“It’s fun. We passed more cars on the restarts than anyone else. Restarts are fun. It’s something when the momentum gets faster, you have to make split-second decisions. And, you don’t know if it’s the right decision until it’s too late, right? ‘I’m going this way. Ah, it worked out!’ Denny (Hamlin) may be the one who knows constantly if something’s going to work out as to where I have a little bit of question about it. ‘Hey, yeah, the media said that was a great move. Totally was! Had that calculated the whole time.’ You just turn left and hope it works.”

Does Denny Hamlin help you with superspeedway racing?

“I mean we look at what he’s (Denny Hamlin) been able to do and the resume he’s built. Him and I actually work really well on speedways together. He’s really good at keeping the lead. I need to be better at keeping the lead with him. But we both make the right decisions to get up to the front, and when we’re there, we work together really well. It’s a product of Denny (Hamlin) having a lot of laps. If you had your top three restrictor plate racers, I’d go with Denny, (Ryan) Blaney, Joey (Logano). I’d put myself top ten. I just need to finish these things and finish more towards the front. Yeah, it’s been fun to build a resume, have great people behind me at 23XI, building great race cars. You have to have that. You have to have the natural instinct to make the right decisions, but also the equipment and people to back you up.”

Are you more of a send it guy than a methodical thinking guy on superspeedway races?

“No, no. That’s Tyler Reddick. He’s a send it guy. I’m more of the methodical. It’s just when the momentum is so big at speedway races, you have no time to be methodical and trust your instincts.”

Were you the send it guy in 2014?

“It was. I was watching Texas and we were running the top, running the middle. Didn’t have any doubt about it. Trusted your instincts. At the same time, you were learning. If you stepped over the line and crashed, you’ve never been there. As to now, I’m going into your seventh year in Cup. Those aren’t the mistakes you’re allowed to make. And I’m setting the tone for myself, but it’s true. There’s guys who have been out there for a long time, winning a lot of races for a reason. They’re not out crashing cars 20 years in. It’s not in the notebook, it’s something you have to learn the hard way.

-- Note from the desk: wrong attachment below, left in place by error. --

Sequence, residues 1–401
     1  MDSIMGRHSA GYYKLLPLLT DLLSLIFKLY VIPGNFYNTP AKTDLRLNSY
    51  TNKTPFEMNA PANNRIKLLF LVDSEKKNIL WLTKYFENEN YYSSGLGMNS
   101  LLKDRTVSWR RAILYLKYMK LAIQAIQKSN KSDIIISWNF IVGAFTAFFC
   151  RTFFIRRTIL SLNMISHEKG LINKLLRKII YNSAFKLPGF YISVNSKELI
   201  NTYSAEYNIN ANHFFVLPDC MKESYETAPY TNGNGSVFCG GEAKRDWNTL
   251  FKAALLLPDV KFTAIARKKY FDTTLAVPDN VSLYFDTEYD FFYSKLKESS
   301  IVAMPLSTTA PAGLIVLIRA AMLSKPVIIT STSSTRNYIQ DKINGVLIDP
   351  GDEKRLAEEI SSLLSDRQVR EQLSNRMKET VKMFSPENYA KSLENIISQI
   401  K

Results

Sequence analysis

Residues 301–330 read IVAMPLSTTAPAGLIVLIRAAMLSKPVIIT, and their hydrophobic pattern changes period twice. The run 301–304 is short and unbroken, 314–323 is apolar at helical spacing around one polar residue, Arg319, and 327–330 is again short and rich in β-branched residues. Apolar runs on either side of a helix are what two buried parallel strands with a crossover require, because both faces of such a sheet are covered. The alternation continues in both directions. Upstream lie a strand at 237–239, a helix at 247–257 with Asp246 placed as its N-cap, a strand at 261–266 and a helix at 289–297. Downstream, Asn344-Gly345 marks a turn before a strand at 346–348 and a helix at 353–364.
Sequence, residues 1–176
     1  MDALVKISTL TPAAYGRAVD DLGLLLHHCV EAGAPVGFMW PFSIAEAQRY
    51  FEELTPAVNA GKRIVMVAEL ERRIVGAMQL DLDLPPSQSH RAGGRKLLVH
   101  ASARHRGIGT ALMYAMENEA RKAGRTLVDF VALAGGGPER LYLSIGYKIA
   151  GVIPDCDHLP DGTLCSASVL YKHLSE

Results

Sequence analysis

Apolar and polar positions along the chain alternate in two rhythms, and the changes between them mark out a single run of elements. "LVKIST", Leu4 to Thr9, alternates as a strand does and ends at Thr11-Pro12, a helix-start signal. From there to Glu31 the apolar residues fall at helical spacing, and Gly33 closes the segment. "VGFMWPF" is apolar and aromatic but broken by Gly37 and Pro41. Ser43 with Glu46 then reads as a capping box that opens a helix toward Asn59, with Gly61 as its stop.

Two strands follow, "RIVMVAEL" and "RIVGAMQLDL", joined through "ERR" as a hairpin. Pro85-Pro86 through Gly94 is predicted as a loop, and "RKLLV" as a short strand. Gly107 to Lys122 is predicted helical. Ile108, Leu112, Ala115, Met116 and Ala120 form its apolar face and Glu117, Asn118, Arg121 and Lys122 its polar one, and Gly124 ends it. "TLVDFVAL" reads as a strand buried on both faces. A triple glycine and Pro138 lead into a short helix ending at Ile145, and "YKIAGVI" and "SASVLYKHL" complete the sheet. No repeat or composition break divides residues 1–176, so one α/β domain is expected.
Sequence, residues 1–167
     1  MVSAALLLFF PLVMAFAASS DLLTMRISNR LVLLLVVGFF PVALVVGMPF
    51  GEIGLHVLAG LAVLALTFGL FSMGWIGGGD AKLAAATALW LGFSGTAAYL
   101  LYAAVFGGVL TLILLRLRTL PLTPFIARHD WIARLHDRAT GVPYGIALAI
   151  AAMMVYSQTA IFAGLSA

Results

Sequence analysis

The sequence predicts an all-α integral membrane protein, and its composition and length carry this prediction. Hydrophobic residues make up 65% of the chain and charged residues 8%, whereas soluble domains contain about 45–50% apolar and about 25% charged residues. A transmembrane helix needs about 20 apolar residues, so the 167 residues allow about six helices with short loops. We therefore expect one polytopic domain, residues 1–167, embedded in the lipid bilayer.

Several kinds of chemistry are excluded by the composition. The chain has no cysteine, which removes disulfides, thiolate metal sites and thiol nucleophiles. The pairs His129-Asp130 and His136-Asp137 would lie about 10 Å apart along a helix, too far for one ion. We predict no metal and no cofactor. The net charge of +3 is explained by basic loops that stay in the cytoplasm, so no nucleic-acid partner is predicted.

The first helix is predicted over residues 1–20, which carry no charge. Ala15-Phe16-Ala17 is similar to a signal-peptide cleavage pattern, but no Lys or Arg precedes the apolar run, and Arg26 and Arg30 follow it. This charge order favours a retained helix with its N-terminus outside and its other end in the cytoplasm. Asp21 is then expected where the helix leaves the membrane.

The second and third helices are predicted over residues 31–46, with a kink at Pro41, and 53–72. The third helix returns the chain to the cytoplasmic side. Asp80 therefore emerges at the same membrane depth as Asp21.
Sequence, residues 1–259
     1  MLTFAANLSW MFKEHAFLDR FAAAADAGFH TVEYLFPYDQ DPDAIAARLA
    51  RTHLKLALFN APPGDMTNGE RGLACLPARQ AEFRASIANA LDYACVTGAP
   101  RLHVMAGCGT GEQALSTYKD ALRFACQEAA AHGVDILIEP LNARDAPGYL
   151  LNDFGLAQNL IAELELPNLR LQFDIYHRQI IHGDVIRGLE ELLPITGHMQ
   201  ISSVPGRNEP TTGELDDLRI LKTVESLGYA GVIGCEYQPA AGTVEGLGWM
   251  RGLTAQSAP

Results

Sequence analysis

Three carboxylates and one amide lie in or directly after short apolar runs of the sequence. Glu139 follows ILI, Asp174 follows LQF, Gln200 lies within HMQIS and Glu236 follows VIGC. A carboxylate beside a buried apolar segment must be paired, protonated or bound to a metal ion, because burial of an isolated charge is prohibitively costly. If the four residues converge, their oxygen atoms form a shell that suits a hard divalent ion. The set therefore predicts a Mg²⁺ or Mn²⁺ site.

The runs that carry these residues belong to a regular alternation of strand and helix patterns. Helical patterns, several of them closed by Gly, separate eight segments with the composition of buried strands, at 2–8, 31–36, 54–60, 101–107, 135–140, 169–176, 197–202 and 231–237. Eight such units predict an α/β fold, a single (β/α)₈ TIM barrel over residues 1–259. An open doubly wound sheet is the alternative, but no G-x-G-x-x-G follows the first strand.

This would be the race to run up front if you had to choose, right?

“Um, I like Kansas. Kansas is pretty cool. But this one pays the best, so you’re right. The most attention, most everything, for sure.”

You alluded to the real racing begins at Las Vegas. What do you like about that track?

“The spring race has always been good to us. I don’t know, I think that’s the first one where you kind of – you go through California, well we’re not going to California anymore. But, you learn a lot that weekend. I don’t know, the mile and halves just work. The performance Toyota brings, the speed Toyota brings is solid. You just happen to be up at the front at the end and have to make it count. We’ll see what happens this go around.”

Where do you stand with moving the Clash?

“I’m good with not going back to California. Love the whole deal, love the state, but I think my Cup career was an average finish of 35th (in California). It could be close to that, like 34.9 or something like that. But it was nothing to brag about, so I’m good with California being off the schedule for a little bit, some time to refresh (laughter). Moving the Clash, I don’t know. I’ve always said wherever it is, and I have a ride, I’m going to show up – whether it’s here in Daytona, or in Mexico. I’m game for whatever. We’ve obviously been able to see we can create anything, like the LA Colosseum, we can do that anywhere else. So, keep it moving.”

Where would you like the Clash to go?

“Well, it’s so hard since you have to chase weather. You can’t go up north this time of the year since everything is frozen. I never got to the do the Clash when it was here in Daytona.”

Seems like you’re in a pretty good space right now. Do you think the results will follow?